Tracing is on Trial
Tracing is just structured logging at DEBUG level. Would you run logging at DEBUG in production? No!
The triumvirate of Observability is Metrics, Logs, and Traces. Metrics provide time series data points for infrastructure resource utilisation. Log aggregation provides a central place to query system and application service logs. The tracing of requests has become more important with the rise of microservice architectures, where a single request may take a torturous path through numerous services and infrastructure components. Tracing provides timings and status for each hop of the route even if it includes multiple cloud providers and container technologies. Tracing data is the source for the key performance indicators of rate, errors, and duration (RED) for each service as well as the business functionality.
Detecting an anomaly in business functionality RED is the trigger for issuing an alert. The topology information that tracing provides is essential for establishing the root cause of the incident.
Tracing is just structured logging at DEBUG level. Would you run logging at DEBUG in production? No! The overhead on the application services, log aggregation, storage, and network would be too much. But that’s exactly what is happening with tracing. Is the extra overhead and cost worth the benefit? Is there an alternative approach with less overhead and cost?
Tracing provides details of exit calls made from services to data stores, queues, and caches. This enables easy identification of poorly performing SQL/NoSQL queries. However, this can be achieved with regular logging. Some frameworks have slow query logging built in making implementation easy. The same approach can be used when services call external service providers such as payment gateways. Slow or erroneous requests can be logged, you're probably already doing this; tracing is double data entry.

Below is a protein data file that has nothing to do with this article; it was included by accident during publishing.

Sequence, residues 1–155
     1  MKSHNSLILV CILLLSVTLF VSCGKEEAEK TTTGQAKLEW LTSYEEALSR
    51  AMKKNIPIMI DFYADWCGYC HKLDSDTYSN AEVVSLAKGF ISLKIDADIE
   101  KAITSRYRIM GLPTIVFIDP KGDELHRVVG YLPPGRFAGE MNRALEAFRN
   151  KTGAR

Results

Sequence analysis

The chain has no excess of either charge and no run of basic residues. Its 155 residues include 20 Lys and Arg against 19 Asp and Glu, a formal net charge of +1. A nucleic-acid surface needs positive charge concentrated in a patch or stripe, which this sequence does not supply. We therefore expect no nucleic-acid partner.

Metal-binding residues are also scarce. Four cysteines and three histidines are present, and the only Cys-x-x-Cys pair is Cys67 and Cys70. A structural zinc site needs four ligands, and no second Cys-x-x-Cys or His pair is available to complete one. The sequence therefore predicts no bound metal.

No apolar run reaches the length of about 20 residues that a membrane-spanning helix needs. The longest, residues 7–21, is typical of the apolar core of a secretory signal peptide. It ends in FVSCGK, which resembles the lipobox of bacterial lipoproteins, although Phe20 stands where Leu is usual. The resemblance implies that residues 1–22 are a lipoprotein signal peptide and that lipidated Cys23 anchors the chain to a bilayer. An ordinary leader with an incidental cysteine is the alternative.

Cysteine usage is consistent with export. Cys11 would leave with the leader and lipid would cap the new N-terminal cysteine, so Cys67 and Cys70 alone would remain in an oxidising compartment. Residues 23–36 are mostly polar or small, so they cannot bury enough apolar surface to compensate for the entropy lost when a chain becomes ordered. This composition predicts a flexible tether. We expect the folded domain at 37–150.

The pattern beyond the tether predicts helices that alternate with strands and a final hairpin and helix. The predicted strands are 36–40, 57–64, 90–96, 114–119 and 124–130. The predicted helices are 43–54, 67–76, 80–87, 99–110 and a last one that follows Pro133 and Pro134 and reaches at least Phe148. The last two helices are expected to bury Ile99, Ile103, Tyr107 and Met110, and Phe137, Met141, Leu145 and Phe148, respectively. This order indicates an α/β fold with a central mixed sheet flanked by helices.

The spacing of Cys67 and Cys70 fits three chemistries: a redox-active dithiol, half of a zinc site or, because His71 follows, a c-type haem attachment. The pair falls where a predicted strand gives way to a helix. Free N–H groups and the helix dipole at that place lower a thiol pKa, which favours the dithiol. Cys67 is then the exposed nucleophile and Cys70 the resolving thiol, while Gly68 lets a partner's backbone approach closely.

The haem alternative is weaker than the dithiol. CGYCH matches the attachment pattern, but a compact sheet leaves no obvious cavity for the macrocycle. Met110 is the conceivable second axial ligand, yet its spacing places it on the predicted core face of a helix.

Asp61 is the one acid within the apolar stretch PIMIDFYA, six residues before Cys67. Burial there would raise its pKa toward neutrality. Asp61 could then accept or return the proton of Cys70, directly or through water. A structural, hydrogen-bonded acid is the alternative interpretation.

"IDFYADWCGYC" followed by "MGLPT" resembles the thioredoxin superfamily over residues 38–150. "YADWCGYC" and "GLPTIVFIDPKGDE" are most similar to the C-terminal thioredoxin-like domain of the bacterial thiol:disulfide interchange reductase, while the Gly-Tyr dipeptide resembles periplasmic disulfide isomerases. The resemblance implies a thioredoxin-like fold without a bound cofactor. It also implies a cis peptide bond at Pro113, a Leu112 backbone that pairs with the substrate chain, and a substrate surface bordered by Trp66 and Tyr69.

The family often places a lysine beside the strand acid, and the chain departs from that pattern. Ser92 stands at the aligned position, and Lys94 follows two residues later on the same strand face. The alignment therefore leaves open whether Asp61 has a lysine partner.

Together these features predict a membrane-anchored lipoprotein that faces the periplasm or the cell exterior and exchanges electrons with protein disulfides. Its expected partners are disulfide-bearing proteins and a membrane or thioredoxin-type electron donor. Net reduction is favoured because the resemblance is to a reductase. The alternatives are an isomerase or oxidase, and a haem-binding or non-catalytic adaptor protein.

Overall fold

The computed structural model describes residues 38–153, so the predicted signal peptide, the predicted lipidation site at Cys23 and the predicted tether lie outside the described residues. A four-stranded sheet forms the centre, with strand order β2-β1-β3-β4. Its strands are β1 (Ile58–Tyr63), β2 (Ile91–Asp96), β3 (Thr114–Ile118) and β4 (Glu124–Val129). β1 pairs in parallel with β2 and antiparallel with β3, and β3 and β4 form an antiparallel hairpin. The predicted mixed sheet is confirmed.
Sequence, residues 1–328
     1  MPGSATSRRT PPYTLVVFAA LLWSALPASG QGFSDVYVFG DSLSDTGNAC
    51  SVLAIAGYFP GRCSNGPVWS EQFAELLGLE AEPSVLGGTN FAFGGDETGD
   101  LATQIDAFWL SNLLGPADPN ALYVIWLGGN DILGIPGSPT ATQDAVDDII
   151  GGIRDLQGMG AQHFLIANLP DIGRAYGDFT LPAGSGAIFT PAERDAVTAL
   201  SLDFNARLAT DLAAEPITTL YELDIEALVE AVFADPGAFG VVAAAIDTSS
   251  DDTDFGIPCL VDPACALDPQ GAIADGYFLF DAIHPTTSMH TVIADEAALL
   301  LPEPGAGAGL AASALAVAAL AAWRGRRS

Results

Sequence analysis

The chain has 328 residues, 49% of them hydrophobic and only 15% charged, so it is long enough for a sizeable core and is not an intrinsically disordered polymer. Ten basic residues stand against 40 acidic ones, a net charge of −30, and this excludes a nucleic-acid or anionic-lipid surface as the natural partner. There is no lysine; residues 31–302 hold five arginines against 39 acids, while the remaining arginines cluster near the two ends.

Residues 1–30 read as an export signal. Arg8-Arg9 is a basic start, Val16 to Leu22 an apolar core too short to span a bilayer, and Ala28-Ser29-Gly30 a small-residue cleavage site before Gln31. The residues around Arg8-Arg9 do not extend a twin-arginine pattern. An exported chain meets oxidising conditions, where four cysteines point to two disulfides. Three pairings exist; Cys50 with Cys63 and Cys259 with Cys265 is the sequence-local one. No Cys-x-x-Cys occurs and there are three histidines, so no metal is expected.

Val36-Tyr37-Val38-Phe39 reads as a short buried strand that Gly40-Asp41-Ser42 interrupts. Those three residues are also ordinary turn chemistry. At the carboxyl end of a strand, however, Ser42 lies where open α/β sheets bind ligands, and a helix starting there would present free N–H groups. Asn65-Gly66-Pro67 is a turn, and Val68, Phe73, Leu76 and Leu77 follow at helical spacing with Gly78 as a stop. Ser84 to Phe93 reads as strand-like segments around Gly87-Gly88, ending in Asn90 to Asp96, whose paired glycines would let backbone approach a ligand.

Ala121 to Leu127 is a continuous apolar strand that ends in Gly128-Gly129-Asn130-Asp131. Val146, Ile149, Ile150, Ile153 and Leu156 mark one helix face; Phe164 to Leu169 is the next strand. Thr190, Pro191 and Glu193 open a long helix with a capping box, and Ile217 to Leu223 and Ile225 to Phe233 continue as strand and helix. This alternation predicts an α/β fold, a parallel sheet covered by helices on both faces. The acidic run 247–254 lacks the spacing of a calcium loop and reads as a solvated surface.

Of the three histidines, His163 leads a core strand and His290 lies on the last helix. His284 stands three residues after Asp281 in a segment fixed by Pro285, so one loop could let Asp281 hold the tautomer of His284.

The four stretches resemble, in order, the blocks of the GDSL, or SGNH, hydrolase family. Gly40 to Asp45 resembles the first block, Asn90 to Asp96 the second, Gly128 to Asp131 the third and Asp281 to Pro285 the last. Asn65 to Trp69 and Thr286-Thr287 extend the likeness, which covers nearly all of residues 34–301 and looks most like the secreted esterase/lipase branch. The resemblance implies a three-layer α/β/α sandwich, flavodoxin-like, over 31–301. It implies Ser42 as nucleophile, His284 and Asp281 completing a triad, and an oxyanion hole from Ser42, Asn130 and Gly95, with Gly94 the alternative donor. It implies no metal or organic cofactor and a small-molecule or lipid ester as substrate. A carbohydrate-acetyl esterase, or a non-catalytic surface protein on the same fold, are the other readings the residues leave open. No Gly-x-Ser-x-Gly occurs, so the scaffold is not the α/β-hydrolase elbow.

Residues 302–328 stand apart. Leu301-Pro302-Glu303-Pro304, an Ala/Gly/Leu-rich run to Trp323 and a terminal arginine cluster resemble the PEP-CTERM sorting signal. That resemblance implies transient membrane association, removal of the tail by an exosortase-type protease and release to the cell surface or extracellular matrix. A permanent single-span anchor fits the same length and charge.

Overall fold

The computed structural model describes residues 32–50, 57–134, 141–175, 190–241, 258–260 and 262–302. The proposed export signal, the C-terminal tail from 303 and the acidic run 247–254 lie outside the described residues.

Tracing data is used to calculate key performance indicators of rate, errors, and duration (RED) for each endpoint of a service by analysing the tracing spans. Why not just collect this directly inside the service, surely this is more efficient? Tracing libraries provide middleware for many frameworks, the same is true for metric collection. Prometheus middleware is available for many application frameworks which will collect endpoint performance as well as runtime metrics.
The topology of a microservices application can be determined by analysing the tracing spans. Alternatively performing a similar analysis on Prometheus metric labels can also determine the topology. Asserts can use metrics from a service mesh such as Istio or Linkerd, the Asserts eBPF agent as well as manual definition to discover application topology. The topology information is used to collate related services for root cause analysis if there’s a degradation on an SLO.
There are powerful arguments both for and against tracing. With the use of metrics and logs along with Asserts, most of what tracing provides can be achieved with substantially lower overhead and cost. However, tracing still has its role to play in modern Observability tools which is why Asserts provides deep link integration to tracing tools just as it does for logging tools.
Tracing does really help when an application is deployed across multiple platforms e.g. Kubernetes, AWS Lambda, ECS, and bare metal where deploying an eBPF agent is problematic.
The verdict? It’s not yet time to exile tracing, it still has an important role to play but it is under caution for its abuse of resources. Therefore it is recommended not to skimp on logging detail and evaluate how Asserts can enable you to increase tracing sampling and restrain its excessive resource consumption. Contact Asserts for more information or sign up for a free trial.